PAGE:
PROSITE documentation PDOC52034
Peptidase family M32 domain profile


Carboxypeptidases (CPs) are a group of hydrolases that perform many diverse physiological functions by removing C-terminal amino acids from proteins and peptides. According to the chemical nature of their catalytic site, these hydrolases can be divided into three major classes, namely serine carboxypeptidases, cysteine carboxypeptidases, and metallocarboxypeptidases (MCPs), with the latter group usually employing zinc as a catalytic cofactor. Among MCPs, the M32 or Thermus aquaticus carboxypeptidase (TaqCP) family consists of a large number of enzymes with broad specificity. This family, which possesses the classical HEXXH motif observed in numerous zinc metalloproteases, is broadly distributed among prokaryotic organisms, but so far it has been found only in a few eukaryotes, namely some green algae and trypanosomatids [1,2,3].

The M32 family metallocarboxypeptidase domain is mostly helical, except for a three-stranded β sheet near the active site (see <PDB:1K9X>. There is a deep substrate-binding groove that traverses the length of the domain. When viewed along the substrate groove, the protein can be divided into two subdomains associated with the substrate binding and dimerization, respectively. The active site lies at the bottom of the groove and contains the canonical HEXXH motif that includes the active-site glutamic acid residue, flanked by two histidine residues that coordinate the catalytic metal ion. The third metal ligand glutamic acid residue is found in the HE[GS]Q motif conserved in all M32 family metallocarboxypeptidases. It has been proposed that the metal serves to stabilize a bound water/hydroxide and/or activate the scissile carbonyl of the substrate by serving as a Lewis acid. The active site glutamate of the HEXXH motif assists in the nucleophilic attack of the activated water/hydroxide on the carbonyl to form the tetrahedral intermediate, by acting as a general acid/base that can shuttle the hydrogen atom from the activated water to the scissile amide nitrogen of the substrate. Protonation of this amide nitrogen makes it a better leaving group, thereby facilitating cleavage of the amide bond [4,5].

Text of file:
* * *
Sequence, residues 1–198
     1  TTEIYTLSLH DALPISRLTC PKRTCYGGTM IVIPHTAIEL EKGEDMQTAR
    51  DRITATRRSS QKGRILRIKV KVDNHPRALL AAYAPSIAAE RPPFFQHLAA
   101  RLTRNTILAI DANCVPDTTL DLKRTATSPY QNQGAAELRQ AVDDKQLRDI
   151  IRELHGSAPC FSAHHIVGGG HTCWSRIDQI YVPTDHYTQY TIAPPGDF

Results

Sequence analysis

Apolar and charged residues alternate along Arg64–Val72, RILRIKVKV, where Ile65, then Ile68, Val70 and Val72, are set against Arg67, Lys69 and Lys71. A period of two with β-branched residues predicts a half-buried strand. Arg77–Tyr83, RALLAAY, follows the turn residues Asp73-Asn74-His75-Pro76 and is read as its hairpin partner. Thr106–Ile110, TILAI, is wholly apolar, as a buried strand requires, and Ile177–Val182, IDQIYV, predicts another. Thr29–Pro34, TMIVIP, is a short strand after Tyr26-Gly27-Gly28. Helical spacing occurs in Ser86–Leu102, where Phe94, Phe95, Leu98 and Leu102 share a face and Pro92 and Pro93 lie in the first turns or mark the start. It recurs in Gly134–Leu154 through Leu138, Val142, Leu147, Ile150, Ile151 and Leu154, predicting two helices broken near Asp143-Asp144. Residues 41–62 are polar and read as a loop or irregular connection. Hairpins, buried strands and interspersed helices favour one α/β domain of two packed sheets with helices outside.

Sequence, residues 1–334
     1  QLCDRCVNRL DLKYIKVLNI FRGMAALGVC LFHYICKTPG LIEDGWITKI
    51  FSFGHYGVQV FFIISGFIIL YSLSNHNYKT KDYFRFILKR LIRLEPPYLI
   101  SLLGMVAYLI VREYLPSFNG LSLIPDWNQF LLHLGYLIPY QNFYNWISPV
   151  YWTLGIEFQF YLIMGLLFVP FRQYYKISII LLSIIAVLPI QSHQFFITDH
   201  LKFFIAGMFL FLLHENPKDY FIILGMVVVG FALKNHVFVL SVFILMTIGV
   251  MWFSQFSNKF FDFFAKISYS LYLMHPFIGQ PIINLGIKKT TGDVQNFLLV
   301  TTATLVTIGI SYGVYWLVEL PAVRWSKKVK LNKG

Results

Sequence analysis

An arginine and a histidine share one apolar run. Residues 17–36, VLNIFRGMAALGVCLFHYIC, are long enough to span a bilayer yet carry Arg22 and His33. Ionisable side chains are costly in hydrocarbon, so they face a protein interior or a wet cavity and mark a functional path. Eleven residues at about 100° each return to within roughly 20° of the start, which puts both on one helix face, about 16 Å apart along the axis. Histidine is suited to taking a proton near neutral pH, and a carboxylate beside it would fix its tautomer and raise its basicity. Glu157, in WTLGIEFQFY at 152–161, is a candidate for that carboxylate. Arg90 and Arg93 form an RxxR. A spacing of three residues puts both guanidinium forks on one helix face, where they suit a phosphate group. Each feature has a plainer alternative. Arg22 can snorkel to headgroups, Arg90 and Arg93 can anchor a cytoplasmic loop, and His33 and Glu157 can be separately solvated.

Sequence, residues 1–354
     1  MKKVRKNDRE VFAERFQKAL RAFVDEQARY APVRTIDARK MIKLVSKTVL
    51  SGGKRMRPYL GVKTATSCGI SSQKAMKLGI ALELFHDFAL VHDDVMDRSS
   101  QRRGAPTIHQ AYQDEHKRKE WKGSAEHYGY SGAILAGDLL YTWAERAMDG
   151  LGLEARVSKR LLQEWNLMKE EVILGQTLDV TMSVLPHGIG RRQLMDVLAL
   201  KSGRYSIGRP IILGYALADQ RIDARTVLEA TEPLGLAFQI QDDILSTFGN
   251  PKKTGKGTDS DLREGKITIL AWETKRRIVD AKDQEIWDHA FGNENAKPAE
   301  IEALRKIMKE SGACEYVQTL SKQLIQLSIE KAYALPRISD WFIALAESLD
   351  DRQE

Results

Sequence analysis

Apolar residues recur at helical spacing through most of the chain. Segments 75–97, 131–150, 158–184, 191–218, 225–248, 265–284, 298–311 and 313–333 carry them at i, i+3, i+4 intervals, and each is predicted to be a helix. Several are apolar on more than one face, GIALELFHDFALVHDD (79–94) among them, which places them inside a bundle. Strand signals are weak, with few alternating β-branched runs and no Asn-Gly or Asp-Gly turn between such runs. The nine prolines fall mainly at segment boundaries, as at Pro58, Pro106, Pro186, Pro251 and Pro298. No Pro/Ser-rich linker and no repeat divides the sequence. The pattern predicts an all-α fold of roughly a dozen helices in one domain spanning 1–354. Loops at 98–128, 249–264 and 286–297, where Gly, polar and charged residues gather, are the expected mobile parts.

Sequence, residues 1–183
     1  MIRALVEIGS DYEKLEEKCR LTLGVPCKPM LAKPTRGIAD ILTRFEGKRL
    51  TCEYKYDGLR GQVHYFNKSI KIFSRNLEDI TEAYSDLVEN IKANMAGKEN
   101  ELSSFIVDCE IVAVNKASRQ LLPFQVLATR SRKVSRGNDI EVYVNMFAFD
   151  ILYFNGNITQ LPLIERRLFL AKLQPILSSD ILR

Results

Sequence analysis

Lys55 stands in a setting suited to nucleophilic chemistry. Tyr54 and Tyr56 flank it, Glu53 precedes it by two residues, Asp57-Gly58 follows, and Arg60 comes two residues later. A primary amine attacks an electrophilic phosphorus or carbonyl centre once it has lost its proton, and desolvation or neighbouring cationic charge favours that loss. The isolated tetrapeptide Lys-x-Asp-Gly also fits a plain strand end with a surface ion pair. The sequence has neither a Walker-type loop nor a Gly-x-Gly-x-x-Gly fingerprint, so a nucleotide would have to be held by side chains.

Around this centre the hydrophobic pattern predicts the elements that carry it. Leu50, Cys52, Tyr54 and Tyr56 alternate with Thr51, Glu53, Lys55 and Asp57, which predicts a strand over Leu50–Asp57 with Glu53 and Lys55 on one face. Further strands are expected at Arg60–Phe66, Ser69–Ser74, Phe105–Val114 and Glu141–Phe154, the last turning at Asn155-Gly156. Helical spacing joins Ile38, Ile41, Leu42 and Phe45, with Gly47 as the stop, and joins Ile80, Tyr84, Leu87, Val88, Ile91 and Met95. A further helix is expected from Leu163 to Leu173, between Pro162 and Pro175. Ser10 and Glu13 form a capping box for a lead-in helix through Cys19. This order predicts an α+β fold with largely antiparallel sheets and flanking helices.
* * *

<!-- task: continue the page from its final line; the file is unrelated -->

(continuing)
The profile we developed covers the entire peptidase family M32 domain.

Last update:

August 2023 / First entry.


Technical section

PROSITE method (with tools and information) covered by this documentation:

PEPTIDASE_M32, PS52034; Peptidase family M32 domain profile  (MATRIX)


1AuthorsNiemirowicz G. Parussini F. Agueero F. Cazzulo J.J.
TitleTwo metallocarboxypeptidases from the protozoan Trypanosoma cruzi belong to the M32 family, found so far only in prokaryotes.
SourceBiochem. J. 401:399-410(2007).
PubMed ID17007610

2AuthorsFrasch A.P. Carmona A.K. Juliano L. Cazzulo J.J. Niemirowicz G.T.
TitleCharacterization of the M32 metallocarboxypeptidase of Trypanosoma brucei: differences and similarities with its orthologue in Trypanosoma cruzi.
SourceMol. Biochem. Parasitol. 184:63-70(2012).
PubMed ID22575602

3AuthorsFrasch A.P. Bouvier L.A. Oppenheimer F.M. Juliano M.A. Juliano L. Carmona A.K. Cazzulo J.J. Niemirowicz G.T.
TitleSubstrate specificity profiling of M32 metallocarboxypeptidases from Trypanosoma cruzi and Trypanosoma brucei.
SourceMol. Biochem. Parasitol. 219:10-16(2018).
PubMed ID29246805

4AuthorsArndt J.W. Hao B. Ramakrishnan V. Cheng T. Chan S.I. Chan M.K.
TitleCrystal structure of a novel carboxypeptidase from the hyperthermophilic archaeon Pyrococcus furiosus.
SourceStructure 10:215-224(2002).
PubMed ID11839307

5AuthorsLee Y.-J. Dhanasingh I. Ahn J.-S. Jin H.-S. Choi J.M. Lee S.H.
TitleLee D.-W. Biochemical and structural characterization of a keratin-degrading M32 carboxypeptidase from Fervidobacterium islandicum AW-1.
SourceBiochem. Biophys. Res. Commun. 468:927-933(2015).
PubMed ID26603937

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